Why did the people not revolt? Who knows? Perhaps part of the explanation is that revolution after revolution had failed to make life better; people may have lost faith in revolution as a means to progress. Perhaps the Stalinist survivors had learned how to use their power to maintain their ruling elite in power. Perhaps the regime was successful in spreading the belief in the myths that Communism was the wave of the future, that life was getting better and would continue to do so, and that Russia was modernizing and becoming more "cultured" and less "backward".

Fitzpatrick points out that the USSR was very aware that it was surrounded by enemies and that it was likely to be attacked after the 1930s, a belief that proved to be true. Stalin's government responded in part by a massive effort to build heavy industry, accepting shortages of consumer goods in order to build factories and infrastructure. In retrospect it seems clear that the USSR suffered from the worst impact of World War II and did the most damage to the German war machine; presumably it would not have been as successful in resisting the Nazis had it not had major successes in preparation in the 1930s. Those successes were built on the suffering of the citizens of the USSR.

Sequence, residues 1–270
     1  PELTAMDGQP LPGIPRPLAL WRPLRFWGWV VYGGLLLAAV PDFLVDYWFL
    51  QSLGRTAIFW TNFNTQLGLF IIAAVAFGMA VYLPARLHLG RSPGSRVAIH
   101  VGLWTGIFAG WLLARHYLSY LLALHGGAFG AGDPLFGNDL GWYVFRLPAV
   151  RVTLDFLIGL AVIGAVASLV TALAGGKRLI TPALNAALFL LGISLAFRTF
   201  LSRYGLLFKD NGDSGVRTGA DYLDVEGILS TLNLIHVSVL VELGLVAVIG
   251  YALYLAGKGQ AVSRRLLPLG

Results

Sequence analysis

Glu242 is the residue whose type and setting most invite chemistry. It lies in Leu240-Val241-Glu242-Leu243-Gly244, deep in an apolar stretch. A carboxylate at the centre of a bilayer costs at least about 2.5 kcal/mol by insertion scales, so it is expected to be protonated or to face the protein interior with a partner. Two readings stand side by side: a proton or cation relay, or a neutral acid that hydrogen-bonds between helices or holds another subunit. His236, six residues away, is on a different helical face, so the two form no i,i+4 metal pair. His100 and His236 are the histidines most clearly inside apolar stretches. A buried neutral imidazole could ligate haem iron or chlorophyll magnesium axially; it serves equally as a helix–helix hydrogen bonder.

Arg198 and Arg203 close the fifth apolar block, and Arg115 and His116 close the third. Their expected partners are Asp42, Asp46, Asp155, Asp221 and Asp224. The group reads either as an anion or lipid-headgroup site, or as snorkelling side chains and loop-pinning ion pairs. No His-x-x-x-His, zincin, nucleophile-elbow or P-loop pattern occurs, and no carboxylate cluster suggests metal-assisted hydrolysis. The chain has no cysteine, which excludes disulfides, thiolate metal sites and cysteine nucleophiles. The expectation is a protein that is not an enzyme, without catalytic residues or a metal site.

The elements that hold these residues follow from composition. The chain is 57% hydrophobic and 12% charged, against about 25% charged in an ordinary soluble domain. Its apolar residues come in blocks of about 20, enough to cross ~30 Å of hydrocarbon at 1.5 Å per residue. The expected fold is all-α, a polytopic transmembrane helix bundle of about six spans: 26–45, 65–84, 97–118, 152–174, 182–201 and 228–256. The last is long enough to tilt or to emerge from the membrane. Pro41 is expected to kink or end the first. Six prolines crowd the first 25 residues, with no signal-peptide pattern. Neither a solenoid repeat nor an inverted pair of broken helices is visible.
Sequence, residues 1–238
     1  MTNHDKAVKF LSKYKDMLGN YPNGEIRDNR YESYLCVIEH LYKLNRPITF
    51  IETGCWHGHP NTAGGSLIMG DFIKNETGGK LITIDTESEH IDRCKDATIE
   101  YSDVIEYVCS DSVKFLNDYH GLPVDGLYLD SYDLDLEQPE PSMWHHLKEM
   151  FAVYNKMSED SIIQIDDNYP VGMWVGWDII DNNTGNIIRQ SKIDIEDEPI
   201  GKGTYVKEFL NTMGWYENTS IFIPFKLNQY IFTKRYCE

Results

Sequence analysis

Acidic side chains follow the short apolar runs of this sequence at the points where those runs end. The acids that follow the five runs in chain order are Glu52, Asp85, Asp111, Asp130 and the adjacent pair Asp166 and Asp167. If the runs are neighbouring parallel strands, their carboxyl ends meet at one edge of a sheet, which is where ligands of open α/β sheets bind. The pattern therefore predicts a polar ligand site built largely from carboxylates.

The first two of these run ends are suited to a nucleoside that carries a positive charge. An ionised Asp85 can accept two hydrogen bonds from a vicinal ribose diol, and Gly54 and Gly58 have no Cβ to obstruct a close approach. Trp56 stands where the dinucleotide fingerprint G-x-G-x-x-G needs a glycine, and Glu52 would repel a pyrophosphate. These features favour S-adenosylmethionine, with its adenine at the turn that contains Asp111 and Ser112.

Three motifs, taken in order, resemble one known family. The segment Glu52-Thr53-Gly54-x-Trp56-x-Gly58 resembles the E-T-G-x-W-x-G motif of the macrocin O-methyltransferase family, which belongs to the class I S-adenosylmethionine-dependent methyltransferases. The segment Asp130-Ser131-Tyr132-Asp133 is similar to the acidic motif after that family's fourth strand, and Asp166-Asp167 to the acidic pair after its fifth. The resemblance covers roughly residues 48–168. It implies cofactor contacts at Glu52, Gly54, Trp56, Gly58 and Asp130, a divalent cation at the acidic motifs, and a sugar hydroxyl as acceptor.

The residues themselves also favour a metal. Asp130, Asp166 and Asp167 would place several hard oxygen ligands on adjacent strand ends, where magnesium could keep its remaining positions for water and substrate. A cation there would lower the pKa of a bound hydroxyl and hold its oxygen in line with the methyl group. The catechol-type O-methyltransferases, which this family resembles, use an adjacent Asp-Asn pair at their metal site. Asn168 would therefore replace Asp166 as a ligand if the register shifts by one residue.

Everyday Stalinism is social history, informed by diaries of Russians and postwar interviews conducted by the Harvard Project. I felt confident of Sheila Fitzpartick's mastery of her subject. The book was clearly organized and relatively easy to read. As others have noted, this is not a history of major events nor famous people, but rather one that focuses on aspects of everyday life. While the organization by chapters suggests a theoretical model, the book does not attempt an exhaustive review of what life was like for Russians in the 1930s. I enjoyed the short, interesting book, but wish that it had been in larger format with bigger print (my vision is not 20/20).